Usage Recommendations for Lithium Ion Batteries

A battery is a battery is a battery.

Maybe not. The usage recommendations and average life span for our strobe battery packs have remained pretty consistent through the years, regardless of the chemistry. Yet it may seem like the results have changed from NiCd to NiMH to Li-ion. Here’s why.

Ambient Temperature

Heat is an enemy of any battery (except the now-toxic NiCd). Lithium ion cells in particular suffer from stress and permanent damage when they are exposed to heat for prolonged periods of time.

To maintain their capacity, they must be kept out of the sun and at temperatures of less than 30ºC (86ºF) at all times and less than 20ºC (68ºF) for long-term storage.

Based on our studies of customer usage trends, we have found that customers who live in tropical or desert conditions, especially those without air conditioning, and those who travel regularly on live-aboard boats, statistically experience a significant reduction in overall lifetime of lithium-ion battery packs. We recommend converting to NiMH if you cannot keep your Li-ion packs within the recommended temperature ranges.

Long-Term Storage

For best results, we recommend cycling (discharge/charge) at least once every 6-12 months and storing at around 50% charge. This seemingly minute point could be easily overlooked if you were used to storing your NiMH with a full charge.

Lithium ion batteries by nature lose a small percentage of their capacity per year—whether they are used or not. When stored half charged at 20ºC (68ºF), the capacity loss is minimized to a few percent per year. Conversely, some studies have suggested that lithium ion batteries stored at full charge (100%) lose on average 20% capacity per year.

Regardless of the charge on the pack, storing a lithium ion pack at temperatures above 20ºC (68ºF) will significantly decrease the capacity. This capacity loss is permanent and cannot be regained through cycling of the battery pack.

Other Considerations

There are other things that could damage a lithium ion pack. Lithium ion batteries are more susceptible to damage from impact than other chemistries. Dropping or hitting the battery pack can actually damage the cells irreparably.

Flooded battery packs—of any chemistry—should never be used. Flooding is highly likely to cause a short in the system, resulting in damage to the strobe front and possibly heat or fire. We recommend that you regularly check your battery pack for signs of flooding or corrosion. This is usually evidenced by dullness and discoloration of the gold power receptacles. If your battery pack shows signs of water damage, DO NOT use, travel with, or transport the battery pack. Recycle the damaged battery pack properly at the closest facility and purchase a new battery pack.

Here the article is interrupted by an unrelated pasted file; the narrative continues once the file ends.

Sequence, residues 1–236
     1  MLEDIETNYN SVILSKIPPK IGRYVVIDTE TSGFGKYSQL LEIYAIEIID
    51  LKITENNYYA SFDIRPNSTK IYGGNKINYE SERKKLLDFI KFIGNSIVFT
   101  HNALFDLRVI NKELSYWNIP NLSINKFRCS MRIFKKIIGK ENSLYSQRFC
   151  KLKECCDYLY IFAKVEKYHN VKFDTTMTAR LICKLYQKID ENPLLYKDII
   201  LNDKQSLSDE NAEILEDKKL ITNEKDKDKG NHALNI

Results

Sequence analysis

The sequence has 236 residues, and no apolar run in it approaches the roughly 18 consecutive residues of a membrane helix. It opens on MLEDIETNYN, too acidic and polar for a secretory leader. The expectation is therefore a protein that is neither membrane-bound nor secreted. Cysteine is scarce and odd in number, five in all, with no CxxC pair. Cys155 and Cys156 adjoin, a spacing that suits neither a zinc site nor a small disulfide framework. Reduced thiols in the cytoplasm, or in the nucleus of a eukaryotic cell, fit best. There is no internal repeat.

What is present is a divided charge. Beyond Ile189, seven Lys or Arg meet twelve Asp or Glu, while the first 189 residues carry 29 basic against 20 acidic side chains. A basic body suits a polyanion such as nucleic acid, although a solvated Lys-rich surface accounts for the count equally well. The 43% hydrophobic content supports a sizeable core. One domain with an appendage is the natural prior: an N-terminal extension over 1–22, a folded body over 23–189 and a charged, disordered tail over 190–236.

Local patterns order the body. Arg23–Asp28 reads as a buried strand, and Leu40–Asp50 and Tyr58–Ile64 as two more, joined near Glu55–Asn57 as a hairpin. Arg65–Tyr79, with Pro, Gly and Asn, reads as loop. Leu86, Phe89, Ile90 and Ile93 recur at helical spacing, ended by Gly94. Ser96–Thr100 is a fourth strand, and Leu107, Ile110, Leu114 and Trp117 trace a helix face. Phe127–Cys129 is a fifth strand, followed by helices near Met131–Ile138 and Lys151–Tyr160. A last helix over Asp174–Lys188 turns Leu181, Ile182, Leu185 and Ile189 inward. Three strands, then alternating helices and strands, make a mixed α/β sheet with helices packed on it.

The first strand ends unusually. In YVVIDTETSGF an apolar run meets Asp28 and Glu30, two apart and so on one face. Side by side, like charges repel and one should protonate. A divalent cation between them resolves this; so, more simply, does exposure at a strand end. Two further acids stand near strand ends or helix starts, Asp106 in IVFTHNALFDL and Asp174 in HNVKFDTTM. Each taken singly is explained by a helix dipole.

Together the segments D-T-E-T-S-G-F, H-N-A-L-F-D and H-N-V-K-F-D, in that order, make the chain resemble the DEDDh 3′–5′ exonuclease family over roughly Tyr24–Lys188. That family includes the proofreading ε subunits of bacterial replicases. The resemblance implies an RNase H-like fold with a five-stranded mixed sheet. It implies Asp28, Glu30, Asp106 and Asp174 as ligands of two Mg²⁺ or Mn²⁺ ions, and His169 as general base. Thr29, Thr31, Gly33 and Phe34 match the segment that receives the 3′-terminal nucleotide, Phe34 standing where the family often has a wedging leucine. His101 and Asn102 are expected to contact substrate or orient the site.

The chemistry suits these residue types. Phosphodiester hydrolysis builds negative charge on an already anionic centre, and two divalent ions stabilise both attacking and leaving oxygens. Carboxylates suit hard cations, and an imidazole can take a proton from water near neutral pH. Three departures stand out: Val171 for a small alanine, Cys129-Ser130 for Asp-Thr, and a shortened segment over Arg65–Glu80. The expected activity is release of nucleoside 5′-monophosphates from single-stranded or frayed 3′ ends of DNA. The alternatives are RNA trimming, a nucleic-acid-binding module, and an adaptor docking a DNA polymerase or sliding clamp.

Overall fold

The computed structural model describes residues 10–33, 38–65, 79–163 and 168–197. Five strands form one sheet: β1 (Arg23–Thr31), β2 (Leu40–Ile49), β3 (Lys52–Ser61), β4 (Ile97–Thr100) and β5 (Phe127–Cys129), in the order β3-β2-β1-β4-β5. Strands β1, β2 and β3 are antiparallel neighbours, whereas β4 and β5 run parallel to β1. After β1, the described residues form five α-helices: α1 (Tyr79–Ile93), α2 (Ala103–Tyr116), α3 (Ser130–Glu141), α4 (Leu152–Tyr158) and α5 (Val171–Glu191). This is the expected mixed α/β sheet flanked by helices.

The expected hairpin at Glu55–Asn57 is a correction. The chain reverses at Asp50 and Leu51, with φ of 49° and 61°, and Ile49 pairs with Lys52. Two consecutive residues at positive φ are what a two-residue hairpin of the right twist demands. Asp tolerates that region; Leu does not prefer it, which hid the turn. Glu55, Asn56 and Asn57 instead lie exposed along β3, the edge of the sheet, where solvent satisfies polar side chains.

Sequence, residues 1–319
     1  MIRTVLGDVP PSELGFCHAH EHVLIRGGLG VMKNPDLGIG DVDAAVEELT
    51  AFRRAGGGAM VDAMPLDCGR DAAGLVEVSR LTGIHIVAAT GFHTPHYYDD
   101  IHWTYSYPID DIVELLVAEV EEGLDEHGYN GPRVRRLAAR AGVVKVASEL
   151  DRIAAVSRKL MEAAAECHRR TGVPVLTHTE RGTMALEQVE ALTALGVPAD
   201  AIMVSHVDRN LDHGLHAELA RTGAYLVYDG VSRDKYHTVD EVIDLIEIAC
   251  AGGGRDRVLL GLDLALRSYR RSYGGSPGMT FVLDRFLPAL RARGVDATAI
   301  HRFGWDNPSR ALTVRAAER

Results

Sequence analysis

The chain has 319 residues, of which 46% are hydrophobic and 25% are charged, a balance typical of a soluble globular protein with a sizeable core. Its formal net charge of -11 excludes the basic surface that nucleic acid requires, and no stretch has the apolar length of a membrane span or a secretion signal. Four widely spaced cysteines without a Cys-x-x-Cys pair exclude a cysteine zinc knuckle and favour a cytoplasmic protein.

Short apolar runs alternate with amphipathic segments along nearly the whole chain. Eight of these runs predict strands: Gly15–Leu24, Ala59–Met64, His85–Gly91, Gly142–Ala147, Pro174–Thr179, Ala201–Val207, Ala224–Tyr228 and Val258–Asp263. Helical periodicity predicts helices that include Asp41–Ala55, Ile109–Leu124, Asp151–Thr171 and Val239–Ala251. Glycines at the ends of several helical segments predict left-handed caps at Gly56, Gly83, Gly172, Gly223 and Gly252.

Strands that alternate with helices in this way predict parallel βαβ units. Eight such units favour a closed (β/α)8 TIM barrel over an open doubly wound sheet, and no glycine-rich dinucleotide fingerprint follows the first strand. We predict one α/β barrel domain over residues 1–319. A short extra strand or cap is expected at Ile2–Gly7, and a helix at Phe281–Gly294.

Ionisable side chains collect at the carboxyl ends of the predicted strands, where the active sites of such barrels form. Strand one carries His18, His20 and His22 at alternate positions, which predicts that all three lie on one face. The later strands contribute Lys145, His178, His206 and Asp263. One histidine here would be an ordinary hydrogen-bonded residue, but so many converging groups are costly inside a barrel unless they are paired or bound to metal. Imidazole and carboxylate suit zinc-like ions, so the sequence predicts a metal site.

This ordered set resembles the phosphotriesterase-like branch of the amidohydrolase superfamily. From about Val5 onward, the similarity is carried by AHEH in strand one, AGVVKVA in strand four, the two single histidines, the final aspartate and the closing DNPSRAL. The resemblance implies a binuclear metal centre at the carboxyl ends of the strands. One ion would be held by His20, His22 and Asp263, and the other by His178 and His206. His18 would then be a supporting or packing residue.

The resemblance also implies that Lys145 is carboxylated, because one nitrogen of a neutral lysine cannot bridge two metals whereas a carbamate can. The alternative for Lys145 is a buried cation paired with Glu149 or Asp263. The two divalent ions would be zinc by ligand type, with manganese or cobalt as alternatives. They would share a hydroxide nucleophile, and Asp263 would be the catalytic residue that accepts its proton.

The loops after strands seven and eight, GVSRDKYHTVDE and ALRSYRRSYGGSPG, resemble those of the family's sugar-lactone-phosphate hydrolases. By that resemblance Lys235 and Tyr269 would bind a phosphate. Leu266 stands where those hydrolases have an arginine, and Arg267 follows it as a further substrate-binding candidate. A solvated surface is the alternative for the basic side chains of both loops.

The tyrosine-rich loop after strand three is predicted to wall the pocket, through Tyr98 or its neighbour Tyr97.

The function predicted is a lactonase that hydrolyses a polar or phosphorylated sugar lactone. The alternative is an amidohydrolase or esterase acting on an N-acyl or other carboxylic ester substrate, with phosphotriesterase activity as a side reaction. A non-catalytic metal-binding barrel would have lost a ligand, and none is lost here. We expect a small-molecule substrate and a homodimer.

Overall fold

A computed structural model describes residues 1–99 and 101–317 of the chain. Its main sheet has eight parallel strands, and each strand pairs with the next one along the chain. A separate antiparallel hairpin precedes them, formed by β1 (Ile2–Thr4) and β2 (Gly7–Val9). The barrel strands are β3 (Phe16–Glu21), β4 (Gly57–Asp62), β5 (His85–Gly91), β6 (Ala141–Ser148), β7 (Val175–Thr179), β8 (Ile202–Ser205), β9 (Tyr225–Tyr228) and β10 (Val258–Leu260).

All batteries suffer when charged by an unstable power supply. Protection circuitry and smart charging helps to mitigate this risk, but we recommend charging your battery packs with redundant surge protection and limiting the amount of time connected to a fluctuating power supply (think boat generator).

End of Life

Even under ideal conditions, the lifetime of a pack can vary. The average life span is 300 cycles or 3-5 years under normal conditions. This average is the same for all chemistries we have produced to date, including li-ion, NiMH, and Ni-Cad.

If you’ve shot with NiMH or Ni-Cad batteries in the past, you may have packs that are 6-10 years old which you still use on an occasional basis. These chemistries have no inherent capacity limitations. They may still be able to provide a couple of hundred shots at fractional powers even though we would consider that pack to be at its end of life

The lithium ion chemistry requires a number of redundant safety cut-offs to make them safe for consumer use. Among other things, these safety features prevent the packs from dropping below a certain voltage and limit the load which may be placed on the pack if it has a diminished capacity. As a result, lithium ion is unable to supply the pulse current necessary to fire a strobe when the pack has reached its end of life.

For professional photographers and those shooting daily or weekly, the ability to shoot twice as many flashes per charge outweighs the perceived loss at the end of life. For those using their equipment only a few weeks out of the year, the NiMH chemistry provides a greater value for the dollar. If shooting mainly in TTL or at a fractional power setting, either battery chemistry will easily get you through a day of diving.

The Future of Lithium Ion Strobes

It’s not feasible to bring your AC power supply underwater, and AAs just don’t cut it when you need rapid firing capabilities and big, beautifully round flash tubes. So a high-grade rechargeable battery pack is a must for professional grade lighting underwater.

We’ve been studying the use of lithium ion battery packs in high drain strobe flashes for over a decade. In all of the years, we have found only a handful of cells which meet the pulse current and internal resistance specifications necessary for a powerful strobe. Requirements for high pulse current in other devices, specifically portable medical devices, give us hopes that new types of batteries with high energy density will be developed that are usable in our application.

In the meantime, rechargeable NiMH batteries continue to be a reliable (and available) option for powering these high-drain devices underwater. NiMH are still favored in other outdoor sports industries for their durability and performance in life-saving devices.

We pride ourselves in bringing you innovation that’s more than just a Mashable headline or gimmick. We strive for design that makes a significant contribution to the quality and capture of your art. As always, we are committed to providing you the highest quality of light available underwater—in a product that you can trust to work when you need it.